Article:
Clarion South advice – part 2

Okay, here we go potential Clarionites, more questions you’d have never thought to ask…

How old are the Clarion attendees? (i.e. are they a bunch 0f twentysomethings running around and up to no good with each other during those ‘late night crit sessions’; or are they a bunch of boring old foges I won’t be able to relate to?)

Well, in 2005, we had a wide age-spread, from early twenties through to the full half century. The participant ages tended to be a fairly even spread, with the average being about thirty (give or take a couple of years either side). The more important thing is this didn’t matter so much when it came to socialising – everyone acts like a big bunch of goofs, which is cool.

Can you elaborate on the ‘up to no good’ bit?

Yes, yes I could. šŸ˜‰ In fact, as far as fun and games, CS05 was pretty darn tame. The US Clarions are probably gaining more of a reputation for matchmaking during the workshop, but that’s what you get when you put a bunch of single twentysomethings together in a cramped dorm for six weeks. CS05ers were overwhelmingly en-coupled/en-spoused before when they started the workshop, and tended to stay that way.

So, a tight dorm, eh?

Yep! The accommodation for the first two Clarion Souths was a three storey cinder block (Stalag Clarion) on the Griffith University campus in Nathan, a suburb about 10kms south of the Brisbane CBD (and a quick bus ride to the bountiful Mt. Gravatt shopping centre). The campus surrounds are set amongst seemingly endless natural bushland, which gives the place that ‘Wolf Creek’ style of isolation. Not to mention the drop bears, Godzilla-like lizards, human-hunting giant spiders, and the notorious quill-shooting bush turkeys. Good times!

Anyway, back to the cinder block – the three storeys each have six-eights separate and lockable rooms (small, with a basic wardrobe, single bed, desk, chair, two shelves, and a fan supplied by the ever-thoughtful convenors). Each level has its own lounge area with a sofa, a couple of arm chairs, a TV (which I never watched, nor did most other people – too busy writing and all), and a dining room. The convenors also supplied a ‘Cletus’ for each room, a giant and very noisy air-conditioner. Despite the backwoods look, the Cletus is a godsend. The weather is HOT and STICKY. So sticky, it’s like drowning.

The lounge area opens onto a fully utensilled kitchen with an oven, two big fridges, and a microwave. Cutlery and cookware is provided, albeit a little shabby, but food is your own expense (more on this in a sec). Each level in the cinder block has a bathroom block with two toilets, two basins, and two showers.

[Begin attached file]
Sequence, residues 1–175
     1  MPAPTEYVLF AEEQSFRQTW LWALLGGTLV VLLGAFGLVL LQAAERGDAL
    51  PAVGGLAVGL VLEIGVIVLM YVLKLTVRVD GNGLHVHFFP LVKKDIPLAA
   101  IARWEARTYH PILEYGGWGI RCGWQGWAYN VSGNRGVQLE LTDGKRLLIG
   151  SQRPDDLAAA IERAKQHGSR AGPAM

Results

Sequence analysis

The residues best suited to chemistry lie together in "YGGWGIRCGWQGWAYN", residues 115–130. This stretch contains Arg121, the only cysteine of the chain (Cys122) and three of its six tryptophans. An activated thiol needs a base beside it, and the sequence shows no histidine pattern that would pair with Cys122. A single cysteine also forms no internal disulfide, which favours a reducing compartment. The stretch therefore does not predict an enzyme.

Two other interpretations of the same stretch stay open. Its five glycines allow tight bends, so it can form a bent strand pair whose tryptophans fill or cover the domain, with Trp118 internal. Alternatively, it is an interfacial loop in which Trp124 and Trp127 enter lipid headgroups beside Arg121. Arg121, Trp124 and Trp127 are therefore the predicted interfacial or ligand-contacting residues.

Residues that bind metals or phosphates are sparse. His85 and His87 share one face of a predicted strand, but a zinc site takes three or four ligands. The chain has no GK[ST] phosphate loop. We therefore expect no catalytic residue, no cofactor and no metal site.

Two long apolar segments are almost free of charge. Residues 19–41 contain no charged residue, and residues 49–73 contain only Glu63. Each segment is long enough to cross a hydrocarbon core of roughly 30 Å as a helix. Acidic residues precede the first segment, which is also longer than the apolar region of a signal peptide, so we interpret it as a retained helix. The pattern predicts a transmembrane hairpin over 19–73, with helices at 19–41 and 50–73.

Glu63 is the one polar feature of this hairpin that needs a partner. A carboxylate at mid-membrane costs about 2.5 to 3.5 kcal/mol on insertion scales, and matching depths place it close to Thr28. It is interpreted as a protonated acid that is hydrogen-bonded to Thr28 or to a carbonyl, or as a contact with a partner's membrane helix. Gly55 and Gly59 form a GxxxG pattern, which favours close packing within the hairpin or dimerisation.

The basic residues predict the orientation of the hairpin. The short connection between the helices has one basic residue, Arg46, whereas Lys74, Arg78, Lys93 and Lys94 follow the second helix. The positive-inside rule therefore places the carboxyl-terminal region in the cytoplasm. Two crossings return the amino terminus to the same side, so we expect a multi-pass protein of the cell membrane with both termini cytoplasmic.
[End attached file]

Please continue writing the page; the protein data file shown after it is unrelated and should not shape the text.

Food?

The convenors may throw the occasional weekend BBQ, but the majority of your food will be BYO. Locals or people who brought cars are in heavy demand for shopping trips, which are big, bulky affairs, and often conducted 1-2 times per week. The Mt. Gravatt shopping is close by (about 3 minutes drive, or half hour walk, or ten minute bus ride). How you decide on which groceries to get is up to you. My floor (six people) generally paid equal shares and came up with a communal shopping list, with extras paid for by individuals. A piece of personal advice – just make sure, if you’re an unashamed meat eater like me, that you don’t end up on the vegetarian floor (unless you’re open to expanding your horizons!)

In 2005, we enacted a tradition of inviting the tutors to a ‘three course/three level’ dinner once per week (usually mid-week, when routine was in full swing). One floor cooked the mains for the tutor, the next floor did the dessert, and the last floor shared drinks. It was a great system – and rotated, so no one group had to cook six meals while another just had drinks. Thoroughly recommended, as this was one of the primary interactions with the tutors (as, at most other times, everyone is writing or critiquing, including the tutor).

What clothes should I pack?

As many as possible! Six weeks is an eternity on a lightly packed suitcase! Bring as much as you can, and a variety too! The majority of your packing should be light summer clothes. As I said, it’s hot and humid – DAMN hot and humid – especially if you’re not from such a climate. While at Clarion, my group also went out several times (restaurants and the Aurealis Awards), so a couple of outfits for such occasions are needed.

That’s enough for now. Leave a comment if you have a specific question. Part 3 will follow in several days.

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